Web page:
Health Care Provisions in Tax Reform Legislation

The Senate passed tax reform legislation on December 2 by a 51-49 vote, with all Democrats voting no and Sen. Bob Corker (TN) the only Republican to oppose the bill. The House passed their version of tax reform legislation on November 16. Differences between the two bills will need to be reconciled in a conference committee, and then that final bill (called a conference report) would have to pass in the House and Senate before being sent to the President. The House and Senate have appointed members of a bipartisan conference committee, and they hope to finish the conference and send a bill to the President before the Christmas holidays. 

Health care-related issues have played a prominent role in the negotiations in the Senate tax reform bill, particularly in securing the vote of Sen. Susan Collins (R-ME). Health care provisions are also key differences in the House and Senate bills that need to be resolved. The Senate bill includes a repeal of the Affordable Care Act’s (ACA) individual mandate, which requires individuals to purchase health insurance or pay a penalty; the House version does not. The Congressional Budget Office (CBO) has estimated that repeal of the individual mandate would result in budget savings of $338 billion over 10 years, due to decreased government spending on subsidized ACA coverage. CBO also estimates that 13 million more people would be uninsured and premiums would increase by 10 percent, as healthier people choose to go without coverage, resulting in a less healthy and therefore more expensive risk pool.

To address her concerns on repealing the individual mandate and to secure her vote on the tax reform bill, Collins demanded and received assurances from Senate Majority Leader Mitch McConnell (R-KY) and the President that they would support passage of two separate bills to stabilize the ACA insurance markets: legislation introduced by Sens. Lamar Alexander (R-TN) and Patty Murray (D-WA) that would fund ACA cost-sharing reduction subsidies for two years, and a bill introduced by Collins and Sen. Bill Nelson (D-FL) that would fund short-term, state-based high-risk pools or reinsurance programs. Collins believes these stabilization bills will help mitigate the negative effects of repealing the individual mandate. However, CBO has estimated that passage of the Alexander-Murray bill would do nothing to blunt the effects of repealing the individual mandate, and Democrats argue that the damage caused by eliminating the mandate far outweighs any positive effects of passing the two stabilization bills. Another matter of uncertainty is when and how the House and Senate would pass these bills—if they may be included in must-pass spending legislation, and whether the bills would face major opposition from House Republicans.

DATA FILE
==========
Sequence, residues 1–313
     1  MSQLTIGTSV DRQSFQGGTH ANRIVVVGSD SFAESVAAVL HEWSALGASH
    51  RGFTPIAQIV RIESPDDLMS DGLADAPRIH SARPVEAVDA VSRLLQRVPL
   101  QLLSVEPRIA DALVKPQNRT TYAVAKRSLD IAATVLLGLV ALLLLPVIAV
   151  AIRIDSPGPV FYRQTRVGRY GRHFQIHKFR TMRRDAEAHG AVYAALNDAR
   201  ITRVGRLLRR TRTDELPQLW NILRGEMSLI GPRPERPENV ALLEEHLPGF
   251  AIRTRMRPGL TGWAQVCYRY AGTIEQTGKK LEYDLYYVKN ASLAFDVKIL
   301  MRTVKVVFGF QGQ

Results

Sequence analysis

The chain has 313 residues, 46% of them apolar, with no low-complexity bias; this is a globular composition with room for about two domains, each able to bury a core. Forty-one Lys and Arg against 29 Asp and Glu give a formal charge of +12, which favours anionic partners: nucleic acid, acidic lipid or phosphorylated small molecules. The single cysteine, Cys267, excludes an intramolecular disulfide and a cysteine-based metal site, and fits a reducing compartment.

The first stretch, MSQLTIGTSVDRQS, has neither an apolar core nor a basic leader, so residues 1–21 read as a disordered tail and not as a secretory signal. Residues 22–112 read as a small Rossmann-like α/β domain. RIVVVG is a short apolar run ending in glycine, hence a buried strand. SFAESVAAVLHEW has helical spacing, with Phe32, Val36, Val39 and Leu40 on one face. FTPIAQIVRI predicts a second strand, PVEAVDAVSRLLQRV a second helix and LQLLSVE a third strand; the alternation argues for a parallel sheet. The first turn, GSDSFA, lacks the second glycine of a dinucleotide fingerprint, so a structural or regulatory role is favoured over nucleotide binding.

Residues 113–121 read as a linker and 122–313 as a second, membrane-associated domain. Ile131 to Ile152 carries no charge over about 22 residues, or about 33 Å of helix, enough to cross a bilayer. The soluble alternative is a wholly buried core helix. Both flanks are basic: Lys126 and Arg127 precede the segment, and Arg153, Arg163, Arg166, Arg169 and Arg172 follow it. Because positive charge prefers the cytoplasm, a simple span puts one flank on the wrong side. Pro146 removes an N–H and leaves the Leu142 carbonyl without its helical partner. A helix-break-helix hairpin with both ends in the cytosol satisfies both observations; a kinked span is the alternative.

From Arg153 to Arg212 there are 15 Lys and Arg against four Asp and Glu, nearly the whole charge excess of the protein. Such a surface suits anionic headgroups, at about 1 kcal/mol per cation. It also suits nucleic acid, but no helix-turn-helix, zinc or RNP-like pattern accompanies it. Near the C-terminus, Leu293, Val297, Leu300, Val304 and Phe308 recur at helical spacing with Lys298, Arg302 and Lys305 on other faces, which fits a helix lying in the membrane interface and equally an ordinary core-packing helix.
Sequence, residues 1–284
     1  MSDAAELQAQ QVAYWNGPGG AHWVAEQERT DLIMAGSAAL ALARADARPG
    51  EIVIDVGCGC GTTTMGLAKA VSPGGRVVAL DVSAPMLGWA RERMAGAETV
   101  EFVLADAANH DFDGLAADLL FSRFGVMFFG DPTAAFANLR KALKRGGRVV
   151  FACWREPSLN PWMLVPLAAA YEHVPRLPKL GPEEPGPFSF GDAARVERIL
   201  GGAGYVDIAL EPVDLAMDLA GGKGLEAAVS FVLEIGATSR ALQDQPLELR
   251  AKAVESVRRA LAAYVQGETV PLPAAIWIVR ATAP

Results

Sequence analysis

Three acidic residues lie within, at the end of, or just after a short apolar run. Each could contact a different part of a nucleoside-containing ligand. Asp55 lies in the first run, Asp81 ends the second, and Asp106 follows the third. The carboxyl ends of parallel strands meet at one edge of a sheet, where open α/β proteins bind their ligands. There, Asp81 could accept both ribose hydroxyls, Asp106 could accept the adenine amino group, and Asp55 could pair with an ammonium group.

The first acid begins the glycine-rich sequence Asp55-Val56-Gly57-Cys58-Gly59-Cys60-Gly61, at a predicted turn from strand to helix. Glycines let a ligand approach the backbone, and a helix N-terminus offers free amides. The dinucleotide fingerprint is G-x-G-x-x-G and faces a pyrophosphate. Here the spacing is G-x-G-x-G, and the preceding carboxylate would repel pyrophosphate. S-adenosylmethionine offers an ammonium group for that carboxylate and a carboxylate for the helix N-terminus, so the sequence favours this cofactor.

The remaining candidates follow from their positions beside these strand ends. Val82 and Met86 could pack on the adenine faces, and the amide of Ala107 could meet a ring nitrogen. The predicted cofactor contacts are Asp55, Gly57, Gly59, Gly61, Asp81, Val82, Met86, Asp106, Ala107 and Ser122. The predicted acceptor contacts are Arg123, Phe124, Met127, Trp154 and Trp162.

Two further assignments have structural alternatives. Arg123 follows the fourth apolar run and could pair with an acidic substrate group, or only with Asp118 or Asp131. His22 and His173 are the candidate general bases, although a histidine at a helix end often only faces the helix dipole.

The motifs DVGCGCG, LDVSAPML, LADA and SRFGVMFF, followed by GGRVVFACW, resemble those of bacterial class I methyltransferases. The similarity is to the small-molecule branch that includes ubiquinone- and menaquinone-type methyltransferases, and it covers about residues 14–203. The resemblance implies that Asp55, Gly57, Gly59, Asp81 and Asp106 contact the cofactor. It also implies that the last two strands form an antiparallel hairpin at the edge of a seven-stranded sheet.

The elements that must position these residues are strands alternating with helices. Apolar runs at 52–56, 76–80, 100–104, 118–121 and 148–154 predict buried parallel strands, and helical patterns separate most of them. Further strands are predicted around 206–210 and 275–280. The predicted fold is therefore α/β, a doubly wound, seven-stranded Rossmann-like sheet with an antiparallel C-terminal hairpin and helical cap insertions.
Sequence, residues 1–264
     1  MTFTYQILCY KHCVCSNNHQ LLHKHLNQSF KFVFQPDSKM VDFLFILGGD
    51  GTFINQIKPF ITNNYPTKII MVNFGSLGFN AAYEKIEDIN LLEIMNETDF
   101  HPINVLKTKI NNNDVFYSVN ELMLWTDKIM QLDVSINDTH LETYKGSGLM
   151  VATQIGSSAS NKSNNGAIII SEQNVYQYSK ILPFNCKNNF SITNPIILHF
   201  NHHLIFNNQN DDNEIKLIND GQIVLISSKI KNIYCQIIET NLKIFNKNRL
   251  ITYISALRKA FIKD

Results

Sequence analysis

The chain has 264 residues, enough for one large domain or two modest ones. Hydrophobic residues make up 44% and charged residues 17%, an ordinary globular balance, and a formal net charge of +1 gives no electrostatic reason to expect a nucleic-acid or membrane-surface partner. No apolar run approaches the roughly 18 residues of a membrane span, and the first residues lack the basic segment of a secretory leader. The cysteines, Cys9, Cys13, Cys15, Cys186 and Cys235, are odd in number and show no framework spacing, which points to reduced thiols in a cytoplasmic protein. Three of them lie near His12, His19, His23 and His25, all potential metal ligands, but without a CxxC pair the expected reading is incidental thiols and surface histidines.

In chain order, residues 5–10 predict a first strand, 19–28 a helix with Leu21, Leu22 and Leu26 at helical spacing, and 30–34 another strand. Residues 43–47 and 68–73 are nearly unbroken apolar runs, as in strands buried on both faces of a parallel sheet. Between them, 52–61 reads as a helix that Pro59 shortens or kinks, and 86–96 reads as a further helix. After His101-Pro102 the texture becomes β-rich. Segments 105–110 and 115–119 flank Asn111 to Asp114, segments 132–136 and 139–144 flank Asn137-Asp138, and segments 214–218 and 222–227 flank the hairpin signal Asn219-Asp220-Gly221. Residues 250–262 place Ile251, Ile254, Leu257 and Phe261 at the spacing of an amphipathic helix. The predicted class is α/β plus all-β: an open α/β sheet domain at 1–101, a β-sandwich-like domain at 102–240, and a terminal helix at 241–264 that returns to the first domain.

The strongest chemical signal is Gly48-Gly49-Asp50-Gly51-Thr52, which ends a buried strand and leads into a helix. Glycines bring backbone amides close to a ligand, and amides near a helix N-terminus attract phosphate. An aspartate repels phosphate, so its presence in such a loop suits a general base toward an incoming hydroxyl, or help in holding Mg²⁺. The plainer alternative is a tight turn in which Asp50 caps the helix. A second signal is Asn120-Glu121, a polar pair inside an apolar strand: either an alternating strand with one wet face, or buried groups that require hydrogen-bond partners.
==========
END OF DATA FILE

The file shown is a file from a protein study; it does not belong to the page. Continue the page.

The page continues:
Another difference in the Senate and House tax reform bills and a factor that secured Collins’s vote for the Senate bill was the inclusion of her amendment to decrease the threshold for medical expense deductions from the current 10 percent of a person’s adjusted gross income to 7.5 percent for 2017 and 2018. This is in contrast to the House version, which eliminates the medical expense deduction entirely. The deduction provides tax relief for many middle class people with high-cost chronic illnesses, and Collins’s amendment garnered support from various health care and disease groups.

A significant concern underlying the House and Senate tax reform efforts is that final passage of a bill will trigger automatic spending cuts to mandatory spending programs, including Medicare. 2010 “Pay as you go” (PAYGO) legislation requires that all passed bills cannot collectively increase the estimated national debt. If a passed bill does violate PAYGO, then an automatic cut across mandatory spending programs would be required to offset the cost, including cuts to Medicare capped at 4 percent. Because the Senate bill is estimated to increase the deficit by about $1.5 trillion over the next decade, it would trigger a Medicare cut of $25 billion per year. Congress can waive PAYGO rules through legislation, but it requires 60 votes in the Senate. Republican leadership in the House and Senate have insisted that they will not let these cuts go into effect, and they may include a PAYGO waiver in must-pass spending legislation.

Posted: | Author: AKF Staff